To investigate our pharmacokinetic findings, simulations were performed using our optimal model. Concurrently, we performed simulations using the propofol pharmacokinetic model developed by Schuttler and Ihmsen, 18to allow comparison of our model with a model developed from older healthy children and adults. To demonstrate the influence of weight in both models, and age in the Schuttler model, profiles were simulated for children of different weights and ages. The assignment of age to weight was based on our study population. We simulated 12-h infusions (our median propofol infusion duration) at a constant rate of 4 mg · kg−1· h−1.
Twenty-one children were recruited to the study. Median age was 16 months (range, 1 week to 12 yr), and median weight was 8.9 kg (range, 3.1–33 kg). Details of the patient population and propofol delivery are shown in table 2. Duration of propofol infusion ranged from 4.5 to 28 h (median, 12 h). In three patients, propofol infusion was extended beyond 24 h because planned extubation was delayed and it was considered inappropriate to change to another sedative agent.
Sedation scoring was performed in 20 children (1 child required paralysis, and sedation scores were not performed). Fifteen of these 20 completed the study with 20 μg · kg−1· h−1morphine, while 5 children (2 postoperative cardiac and 3 noncardiac) required dose increases. At 4 mg · kg−1· h−1propofol, target sedation scores were achieved in 17 of 20 children. Two of the 17 required a reduction in the infusion rate of propofol because of hypotension. No child had arrhythmias during the infusion. No neonate required more than 20 μg · kg−1· h−1morphine or 4 mg · kg−1· h−1propofol. Plasma concentrations of triglyceride and LDL and HDL cholesterol were unaffected by 2% propofol. Urea and electrolytes and liver function test results were not significantly different from baseline.
A three-compartment model with interindividual variation modeled in clearance, slow and fast distributional clearances, and V1was accepted. This model had a median prediction error of −1.5% and a median absolute prediction error of 29.7%. Some visual representations of the fit are in figure 1. An abbreviated summary of the model-building process is given in table 3. The optimal model (i.e. , the one that fit the data best and in which no parameter could be removed without significantly worsening the fit) was one with three rather than two compartments. The structural parameters of the model (along with 95% confidence intervals for the “typical values” and the associated degree of interindividual variability) are shown in table 4. The structural parameters Cl, Q2, Q3, V1, and V2were all proportional to weight, while the largest of the three compartments (V3) was related to weight in a complex way with a constant component in addition to the weight-related component. In addition, children recovering from cardiac surgery had significantly reduced propofol clearance. Concentration-versus -time profiles for a typical prediction and the most extreme underprediction and overprediction, respectively, are shown in figure 2.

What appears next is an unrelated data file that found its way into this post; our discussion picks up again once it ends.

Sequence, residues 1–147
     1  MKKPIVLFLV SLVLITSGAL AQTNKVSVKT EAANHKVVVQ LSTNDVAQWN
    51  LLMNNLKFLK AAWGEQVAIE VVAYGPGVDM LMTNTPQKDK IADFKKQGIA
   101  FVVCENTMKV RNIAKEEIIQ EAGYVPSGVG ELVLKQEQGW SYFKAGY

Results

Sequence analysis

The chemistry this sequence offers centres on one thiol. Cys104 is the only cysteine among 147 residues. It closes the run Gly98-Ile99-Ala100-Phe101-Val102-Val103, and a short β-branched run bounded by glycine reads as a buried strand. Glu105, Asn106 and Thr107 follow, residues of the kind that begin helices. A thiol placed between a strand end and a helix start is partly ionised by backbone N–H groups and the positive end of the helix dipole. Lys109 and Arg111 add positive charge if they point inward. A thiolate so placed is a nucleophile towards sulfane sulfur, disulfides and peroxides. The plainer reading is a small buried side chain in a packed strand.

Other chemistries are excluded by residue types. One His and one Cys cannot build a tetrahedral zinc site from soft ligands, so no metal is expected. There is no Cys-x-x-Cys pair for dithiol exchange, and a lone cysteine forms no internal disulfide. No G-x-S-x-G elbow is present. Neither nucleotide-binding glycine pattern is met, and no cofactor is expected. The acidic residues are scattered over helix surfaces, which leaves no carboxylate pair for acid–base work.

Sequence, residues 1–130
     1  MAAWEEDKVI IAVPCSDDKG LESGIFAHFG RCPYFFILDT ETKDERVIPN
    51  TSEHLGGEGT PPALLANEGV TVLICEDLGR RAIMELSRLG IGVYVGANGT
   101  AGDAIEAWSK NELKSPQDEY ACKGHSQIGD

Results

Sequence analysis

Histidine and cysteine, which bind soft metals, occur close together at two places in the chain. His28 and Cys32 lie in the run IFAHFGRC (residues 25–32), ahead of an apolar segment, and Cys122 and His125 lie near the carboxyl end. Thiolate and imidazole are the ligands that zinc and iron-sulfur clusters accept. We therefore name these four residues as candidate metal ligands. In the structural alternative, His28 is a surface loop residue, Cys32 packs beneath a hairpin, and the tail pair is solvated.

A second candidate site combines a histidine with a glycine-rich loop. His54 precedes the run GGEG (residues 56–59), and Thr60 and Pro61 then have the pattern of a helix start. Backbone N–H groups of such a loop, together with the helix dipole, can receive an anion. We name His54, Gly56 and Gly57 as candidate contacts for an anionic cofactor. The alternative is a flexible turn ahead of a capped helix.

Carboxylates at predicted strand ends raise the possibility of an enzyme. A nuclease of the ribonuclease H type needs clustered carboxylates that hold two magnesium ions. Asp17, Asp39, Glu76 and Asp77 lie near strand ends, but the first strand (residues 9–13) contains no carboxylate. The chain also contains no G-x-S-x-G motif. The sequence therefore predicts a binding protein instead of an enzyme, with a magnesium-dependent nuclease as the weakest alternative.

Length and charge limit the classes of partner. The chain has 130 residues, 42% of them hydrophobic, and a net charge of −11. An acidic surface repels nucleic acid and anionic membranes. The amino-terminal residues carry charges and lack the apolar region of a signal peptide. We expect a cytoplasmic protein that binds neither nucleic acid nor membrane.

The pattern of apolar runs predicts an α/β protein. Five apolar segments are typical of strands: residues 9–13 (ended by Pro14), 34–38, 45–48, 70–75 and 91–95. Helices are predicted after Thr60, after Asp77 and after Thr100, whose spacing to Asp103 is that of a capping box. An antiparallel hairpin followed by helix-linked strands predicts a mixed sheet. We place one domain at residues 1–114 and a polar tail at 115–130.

Many combinations of covariate interactions were examined during the course of the model-building process, in particular weight, age, gender, type of operation, and duration of propofol infusion. Age, gender, and duration of propofol infusion were not supported as covariates. The intercompartmental rate constants were calculated from the typical clearance and volume values for cardiac surgery patients. The intercompartmental rate constants were used to construct the context sensitive half-time profiles (time required for a 50% decrement in the blood propofol concentration as a function of infusion duration) for children of different weights, using the computer software package RECOV (fig. 3). RECOV was developed by Steven L. Shafer, MD (Department of Anesthesia, Stanford University, Palo Alto, CA), and is freely available (http://anesthesia.stanford.edu/pkpd/).
The concentration-versus -time profiles for children of different weights (and ages) simulated using our final pharmacokinetic model and the pharmacokinetic model developed by Schuttler and Ihmsen 18are shown in figure 4. Compared with our data, the Schuttler model significantly underpredicts the propofol blood concentration resulting from a 12-h infusion at 4 mg · kg−1· h−1, administered to critically ill children after cardiac surgery.